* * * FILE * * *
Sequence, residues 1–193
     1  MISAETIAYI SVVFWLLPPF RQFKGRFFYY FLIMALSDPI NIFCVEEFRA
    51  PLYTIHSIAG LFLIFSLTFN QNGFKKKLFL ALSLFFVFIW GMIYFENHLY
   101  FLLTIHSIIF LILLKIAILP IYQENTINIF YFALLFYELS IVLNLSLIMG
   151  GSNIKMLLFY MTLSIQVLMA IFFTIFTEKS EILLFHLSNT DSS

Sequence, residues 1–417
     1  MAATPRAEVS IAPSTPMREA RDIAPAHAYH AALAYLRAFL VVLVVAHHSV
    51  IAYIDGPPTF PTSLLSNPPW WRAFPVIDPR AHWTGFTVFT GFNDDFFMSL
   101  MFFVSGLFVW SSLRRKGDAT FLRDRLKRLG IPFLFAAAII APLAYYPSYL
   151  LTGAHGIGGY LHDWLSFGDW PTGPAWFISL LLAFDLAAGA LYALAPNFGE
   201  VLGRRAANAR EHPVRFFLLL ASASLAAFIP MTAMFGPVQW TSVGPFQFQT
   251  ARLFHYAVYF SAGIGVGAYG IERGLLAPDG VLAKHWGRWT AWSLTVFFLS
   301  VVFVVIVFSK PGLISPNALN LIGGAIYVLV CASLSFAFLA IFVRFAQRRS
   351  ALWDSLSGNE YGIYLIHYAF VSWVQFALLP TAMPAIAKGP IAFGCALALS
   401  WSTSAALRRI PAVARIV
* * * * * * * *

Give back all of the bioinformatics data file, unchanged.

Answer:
Sequence, residues 1–193
     1  MISAETIAYI SVVFWLLPPF RQFKGRFFYY FLIMALSDPI NIFCVEEFRA
    51  PLYTIHSIAG LFLIFSLTFN QNGFKKKLFL ALSLFFVFIW GMIYFENHLY
   101  FLLTIHSIIF LILLKIAILP IYQENTINIF YFALLFYELS IVLNLSLIMG
   151  GSNIKMLLFY MTLSIQVLMA IFFTIFTEKS EILLFHLSNT DSS

Sequence, residues 1–417
     1  MAATPRAEVS IAPSTPMREA RDIAPAHAYH AALAYLRAFL VVLVVAHHSV
    51  IAYIDGPPTF PTSLLSNPPW WRAFPVIDPR AHWTGFTVFT GFNDDFFMSL
   101  MFFVSGLFVW SSLRRKGDAT FLRDRLKRLG IPFLFAAAII APLAYYPSYL
   151  LTGAHGIGGY LHDWLSFGDW PTGPAWFISL LLAFDLAAGA LYALAPNFGE
   201  VLGRRAANAR EHPVRFFLLL ASASLAAFIP MTAMFGPVQW TSVGPFQFQT
   251  ARLFHYAVYF SAGIGVGAYG IERGLLAPDG VLAKHWGRWT AWSLTVFFLS
   301  VVFVVIVFSK PGLISPNALN LIGGAIYVLV CASLSFAFLA IFVRFAQRRS
   351  ALWDSLSGNE YGIYLIHYAF VSWVQFALLP TAMPAIAKGP IAFGCALALS
   401  WSTSAALRRI PAVARIV